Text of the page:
Forwarding Address


Hi friends!  When we got back from our road trip I decided to get serious about writing.  Please follow along at :  Thank you!

Want to read more about our trip around the United States?  Start here.


Week 11 – Coastal

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We made it to Seattle and spent a wonderful week there with our family.  For most of our trip we avoided large, urban areas because of our parking challenges.  Let’s be honest.  We just liked to avoid large urban areas.

But, Seattle.

We visited  Pike Place Market and saw the proverbial fish toss. We watched magic tricks at the magic shop.  We lunched at Lowell’s for the sole reason that as we looked at the menu, someone walked up and said it wouldn’t be a mistake to eat there.  Then we got to business.  We picked up fresh herbed pasta at Pappardelle’s, then headed across the street to Beecher’s to watch the cheesemaking process, and to buy some cheese.  From there we started wandering in search of dessert and found Metsker’s Maps which was really the coolest travel store.  Our final destination:  Trophy Cupcakes.  I know we didn’t hit the mothership.  We just went to the mall location, which was kind of disappointing.  I’ve heard that the Wallingford Center location is in an old school house and it’s super cool.  Nonetheless, the cupcakes were pretty great.  As we walked back to our car we found the Seattle Antiques Market which was a must see before we headed home to make scratch Mac & Cheese.

Our second day in Seattle we spent all morning at the Seattle Aquarium, and did the Underground Tour in Pioneer Square.  We spent too little time at Magic Mouse Toys, the most amazing toy shop ever.

Next, we went to the Pacific Science Center, and we spent a whole day there.  When the kids were worn out from the inside of the museum, they played and climbed and made music at the park outside.

On our final day in Seattle proper we hit the EMP Museum which was pretty fabulous.  It was all things pop culture including newly designed games, a Hello Kitty exhibit from Japan, and hands on music opportunities.  I’m certain the boys could have stayed there all day.  Instead, we enjoyed our last hours in the city walking around finding the most amazing shops:  Pike Street Press and Ugly Baby, and riding The Great Wheel.

We spent the weekend with friends, and somewhere between gingerbread houses and Hallmark movies they asked where we were headed next.  In true form, we had no idea.  Suggestions were bantered. The idea of going to the place where my first travel adventures began put a little spring in my step.  That and being refueled by family and friends. We decided to spend our last week enjoying Portland, Oregon, the Coast and the California Redwoods.

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Week 8 – The Business

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With four weeks left to go on our trip, we sat down and re-wrote our plans.  Again.  As time goes on we become more flexible in some ways and less in others.  Although we had great dreams of south Florida, the truth is, Florida wasn’t as much our thing as we imagined.  We started to look forward to the west and wide open spaces again.  We dreamed of snow.  We decided that our trip up the west coast was not to be missed.  With little fanfare we bid the peninsula adieu and hightailed it across the country.

Here’s what that looks like:  we passed the 10,000 mile mark somewhere in Alabama.  Brad has driven every inch of our trip.  He has hauled that camper through the biggest cities and the tiniest of roads.  He has searched high and low for parking.  Every time we go anywhere, knowing we are too tall for parking garages (roof box with skis) and too long for one spot.  All the live long day, hooking and unhooking the camper.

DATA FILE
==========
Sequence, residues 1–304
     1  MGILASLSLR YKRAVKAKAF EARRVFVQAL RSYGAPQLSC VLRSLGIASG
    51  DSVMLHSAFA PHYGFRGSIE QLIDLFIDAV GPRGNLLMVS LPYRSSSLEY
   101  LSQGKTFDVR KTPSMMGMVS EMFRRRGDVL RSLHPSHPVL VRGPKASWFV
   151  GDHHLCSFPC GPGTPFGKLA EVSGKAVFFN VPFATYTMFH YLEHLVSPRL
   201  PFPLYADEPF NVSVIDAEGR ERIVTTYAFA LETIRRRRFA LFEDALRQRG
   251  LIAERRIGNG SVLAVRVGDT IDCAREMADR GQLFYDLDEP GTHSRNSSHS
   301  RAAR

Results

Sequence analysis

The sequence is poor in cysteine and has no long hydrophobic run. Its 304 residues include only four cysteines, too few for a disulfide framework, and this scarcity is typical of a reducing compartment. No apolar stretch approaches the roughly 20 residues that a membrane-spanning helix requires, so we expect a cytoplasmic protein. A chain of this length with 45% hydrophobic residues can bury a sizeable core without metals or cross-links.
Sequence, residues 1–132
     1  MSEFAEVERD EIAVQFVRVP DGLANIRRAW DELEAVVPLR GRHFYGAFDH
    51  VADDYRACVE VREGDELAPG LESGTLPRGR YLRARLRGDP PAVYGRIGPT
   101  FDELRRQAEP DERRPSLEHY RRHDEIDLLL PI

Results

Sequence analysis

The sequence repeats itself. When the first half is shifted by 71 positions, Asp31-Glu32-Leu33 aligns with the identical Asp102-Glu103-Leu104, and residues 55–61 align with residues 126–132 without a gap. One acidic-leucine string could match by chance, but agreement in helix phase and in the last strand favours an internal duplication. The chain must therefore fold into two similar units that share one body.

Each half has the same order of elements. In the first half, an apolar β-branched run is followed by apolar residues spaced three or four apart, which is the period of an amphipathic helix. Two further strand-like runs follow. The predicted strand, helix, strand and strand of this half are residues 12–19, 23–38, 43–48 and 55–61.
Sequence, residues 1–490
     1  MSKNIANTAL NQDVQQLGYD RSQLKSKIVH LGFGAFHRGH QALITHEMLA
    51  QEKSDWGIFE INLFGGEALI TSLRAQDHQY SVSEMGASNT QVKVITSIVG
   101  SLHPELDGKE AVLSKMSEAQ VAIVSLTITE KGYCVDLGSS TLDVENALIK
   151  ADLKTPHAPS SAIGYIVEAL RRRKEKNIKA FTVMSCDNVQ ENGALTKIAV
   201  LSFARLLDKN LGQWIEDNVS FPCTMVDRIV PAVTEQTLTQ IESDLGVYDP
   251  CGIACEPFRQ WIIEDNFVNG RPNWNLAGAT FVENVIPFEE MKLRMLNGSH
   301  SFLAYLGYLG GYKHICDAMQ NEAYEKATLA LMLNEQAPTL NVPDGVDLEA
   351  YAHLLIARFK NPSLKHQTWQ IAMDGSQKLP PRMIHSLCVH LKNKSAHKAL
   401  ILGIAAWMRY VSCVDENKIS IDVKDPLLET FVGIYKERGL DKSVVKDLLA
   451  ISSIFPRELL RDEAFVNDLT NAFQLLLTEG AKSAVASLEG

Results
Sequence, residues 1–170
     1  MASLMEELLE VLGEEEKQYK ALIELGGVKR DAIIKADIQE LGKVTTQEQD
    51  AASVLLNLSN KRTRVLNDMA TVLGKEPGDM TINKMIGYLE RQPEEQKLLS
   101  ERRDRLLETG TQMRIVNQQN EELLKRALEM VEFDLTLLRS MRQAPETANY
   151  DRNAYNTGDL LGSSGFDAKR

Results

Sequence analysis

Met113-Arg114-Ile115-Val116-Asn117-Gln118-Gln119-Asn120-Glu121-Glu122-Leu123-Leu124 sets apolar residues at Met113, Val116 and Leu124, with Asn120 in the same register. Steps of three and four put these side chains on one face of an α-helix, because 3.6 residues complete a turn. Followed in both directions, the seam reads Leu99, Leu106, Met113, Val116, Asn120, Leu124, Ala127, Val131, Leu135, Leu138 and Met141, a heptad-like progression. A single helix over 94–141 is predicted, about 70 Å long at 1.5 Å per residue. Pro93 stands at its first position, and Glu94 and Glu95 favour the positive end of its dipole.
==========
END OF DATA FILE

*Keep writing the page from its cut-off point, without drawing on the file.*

We took a good long look at the weather, and a good long look at our budget.  In the last week Brad drove us through eight states.  Safely.  We agreed that pulling the camper through snow in the mountains was not what we wanted to do and therefore stored it in Albuquerque.  This requires us to reallocate our resources, but doesn’t break our budget.  So onward.

This week we look forward to the Grand Canyon and time in Arizona.  Our soft Florida cheek skin has become wind blown and dry in the desert.  We have loaded up on chapstick.  At least one of my boys is still wearing shorts (he is a true Coloradan).  We have so much to be thankful for.  Regardless of where we are.  We will miss the traditional family Thanksgiving feast as we pass through Nevada.  We will make the best of where we are and enjoy Las Vegas.  With kids.  It can’t be worst than that one block of Bourbon Street they saw, right?!?

Hebgen Lake Earthquake


The boys collaborated on this post about their visit to Quake Lake in Montana.  

Quake lake is a lake that was formed by an earthquake in 1959.  Our Aunt Katie was working at Old Faithful in Yellowstone. She felt the earthquake from Old Faithful. Quake Lake is approximately 56.4 miles away from where she was. Our Aunt Sara and Grandpa John could feel it from Idaho Falls which is 118 miles away. Earthquakes can be very powerful.


Quake Lake, Montana

There is a thing that measures the magnitude of an earthquake, it is called the Richter Scale. The Richter Scale rates earthquakes on a scale of 1-10. 1 being least magnitude and 10 being the highest.


The Hebgen Lake Earthquake was a 7.5. The Nepal earthquake was an 8.1. There was a big difference in the amount of people that got hurt. In Nepal 9,000 people died and 23,000 got injured. But in the Hebgen Lake earthquake 28 people died and 250 got hurt.  There are not as many people in southwest Montana, where Hebgen Lake is, than there were in Nepal.  That’s why there weren’t as many deaths.

Please watch the video below to see a survivor’s account of the Hebgen Lake Earthquake.



We were able to use our location in Idaho as a launchpad for a side trip to Glacier National Park in Montana (and Canada).  The weather in the area has been dry and the fire danger high.  Wildfires have been burning in and around the park for weeks causing roads to close and the air quality to be poor with low visibility.  We (I) considered bagging the trip.  There are countless opportunities to experience nature right where we are, next door to the Tetons and at the foot of Yellowstone.  Glacier continued to dangle that carrot, though, and we loaded up for the ten-hour drive.